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Muslim inmate asks that state not autopsy his body after execution


An Alabama inmate will not ask the courts to block his execution next week but is requesting that the state not perform an autopsy on his body because of his Muslim faith, according to a lawsuit. Keith Edmund Gavin, 64, is scheduled to be executed July 18 by lethal injection. Gavin was convicted in the 1998 shooting death of a delivery driver who had stopped at an ATM to get money.

Gavin filed a lawsuit last month asking a judge to block the state from performing an autopsy after his execution. It has been the standard practice in the state to perform autopsies after executions.

"Mr. Gavin is a devout Muslim. His religion teaches that the human body is a sacred temple, which must be kept whole. As a result, Mr. Gavin sincerely believes that an autopsy would desecrate his body and violate the sanctity of keeping his human body intact. Based on his faith, Mr. Gavin is fiercely opposed to an autopsy being performed on his body after his execution," his attorneys wrote in the lawsuit filed in state court in Montgomery.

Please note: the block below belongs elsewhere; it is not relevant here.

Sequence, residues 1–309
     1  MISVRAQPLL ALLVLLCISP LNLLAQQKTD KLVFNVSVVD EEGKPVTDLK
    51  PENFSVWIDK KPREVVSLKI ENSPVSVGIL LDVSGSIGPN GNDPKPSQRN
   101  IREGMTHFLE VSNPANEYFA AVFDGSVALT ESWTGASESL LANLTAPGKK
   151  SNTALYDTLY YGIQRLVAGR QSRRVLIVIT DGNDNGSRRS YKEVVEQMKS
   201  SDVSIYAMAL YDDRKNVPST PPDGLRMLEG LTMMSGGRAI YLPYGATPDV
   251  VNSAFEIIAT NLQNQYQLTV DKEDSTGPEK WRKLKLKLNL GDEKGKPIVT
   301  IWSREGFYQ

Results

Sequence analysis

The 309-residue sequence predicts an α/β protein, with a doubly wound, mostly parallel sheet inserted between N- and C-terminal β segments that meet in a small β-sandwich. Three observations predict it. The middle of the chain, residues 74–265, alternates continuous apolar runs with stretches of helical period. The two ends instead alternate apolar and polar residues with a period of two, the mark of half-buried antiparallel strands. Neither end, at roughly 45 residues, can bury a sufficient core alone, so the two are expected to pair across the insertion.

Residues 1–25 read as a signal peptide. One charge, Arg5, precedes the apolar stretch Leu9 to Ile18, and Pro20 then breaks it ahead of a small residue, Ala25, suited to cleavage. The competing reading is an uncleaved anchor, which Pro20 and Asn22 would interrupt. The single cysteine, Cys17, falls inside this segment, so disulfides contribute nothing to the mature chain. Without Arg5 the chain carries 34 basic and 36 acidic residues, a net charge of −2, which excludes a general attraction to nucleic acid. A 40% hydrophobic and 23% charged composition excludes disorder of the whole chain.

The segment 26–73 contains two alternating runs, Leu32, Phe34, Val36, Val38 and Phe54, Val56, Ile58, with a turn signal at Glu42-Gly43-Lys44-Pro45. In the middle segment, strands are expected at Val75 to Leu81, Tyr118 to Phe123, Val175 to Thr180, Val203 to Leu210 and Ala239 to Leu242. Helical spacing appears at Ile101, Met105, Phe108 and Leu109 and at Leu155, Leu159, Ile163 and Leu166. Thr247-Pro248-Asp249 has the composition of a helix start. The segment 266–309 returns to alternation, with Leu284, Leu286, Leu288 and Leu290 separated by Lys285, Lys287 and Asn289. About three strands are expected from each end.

His attorneys said they filed the lawsuit after being unable to have "meaningful discussions" with state officials about his request to avoid an autopsy. They added that the court filing is not an attempt to stay the execution and that "Gavin does not anticipate any further appeals or requests for stays of his execution."

William Califf, a spokesman for Alabama Attorney General Steve Marshall, said Tuesday that "we are working on a resolution."

Gavin was convicted of capital murder for the 1998 shooting death of William Clinton Clayton Jr. in Cherokee County in northeast Alabama. Clayton, a delivery driver, was shot when he stopped at an ATM to get money to take his wife to dinner, prosecutors said.

A jury voted 10-2 in favor of the death penalty for Gavin. The trial court accepted the jury's recommendation and sentenced him to death.

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